• that forced conversion was the goal and result of the crusades – there were none, and it was not the purpose of crusading; defense of the Christian states and retaking of the Holy Land was.
  • that the Crusaders were out to get rich through looting and plunder – again, “computer-assisted charter studies have demolished that contrivance”.

Glad we cleared those up! There is one more question that needs to be answered though: if all these myths are so wrong, why did the late Pope apologise, and how did the Crusades get such a bad name? Glad you asked ;-), let’s look into that in the next post.


6 thoughts on “The Crusades, part II”

  1. Hi there.

    You’ve posted three asserssions. Would you like to back these up? An anonymous post with no supporting information does not give much credit to what you are saying.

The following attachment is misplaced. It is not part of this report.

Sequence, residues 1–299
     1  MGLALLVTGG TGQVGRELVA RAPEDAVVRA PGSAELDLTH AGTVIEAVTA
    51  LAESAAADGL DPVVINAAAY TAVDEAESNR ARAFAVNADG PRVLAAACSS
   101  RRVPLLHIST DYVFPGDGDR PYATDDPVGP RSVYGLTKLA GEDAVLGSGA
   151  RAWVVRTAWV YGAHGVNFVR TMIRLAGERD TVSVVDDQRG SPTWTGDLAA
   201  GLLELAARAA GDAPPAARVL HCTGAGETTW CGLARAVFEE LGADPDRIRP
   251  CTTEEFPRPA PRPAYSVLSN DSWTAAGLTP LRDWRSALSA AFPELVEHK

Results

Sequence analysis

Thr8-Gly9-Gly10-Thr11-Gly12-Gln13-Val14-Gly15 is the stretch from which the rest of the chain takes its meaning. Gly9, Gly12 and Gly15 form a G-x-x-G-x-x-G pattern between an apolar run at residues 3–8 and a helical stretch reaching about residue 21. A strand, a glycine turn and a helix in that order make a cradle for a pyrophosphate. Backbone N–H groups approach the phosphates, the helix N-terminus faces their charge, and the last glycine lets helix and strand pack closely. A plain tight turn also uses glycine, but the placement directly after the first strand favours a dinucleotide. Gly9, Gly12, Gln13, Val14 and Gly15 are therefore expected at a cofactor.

2. I am a middle school teacher in NC and came across your site while researching the Crusades for my history class this year. I just wanted to thank you for the great information and articles.

    We would love it if you could write a couple articles for us, link to us to help us spread trusted resources to other teachers, or even if Tweet or “Like Us” on Facebook. Anything is much appreciated in our quest to spread trusted resources.

    Thanks and keep the great resources coming

    Bre Matthews

  3. An ad hominem is a logical fallacy, you realise? It adds nothing to the argument, except perhaps to prove to what level you are willing to fall to enforce your own.

  4. But I wasn’t attacking your arguments here. I was merely informing Bre that she should not get to excited about your blog post here since many of your other posts demostrate your complete lack of understanding on most of these issues. What you should really take away from my comments is that you need to read more and find some sources outside of your narrow Catholic perspective (and I do find what you say to be very shallow and ill thought out).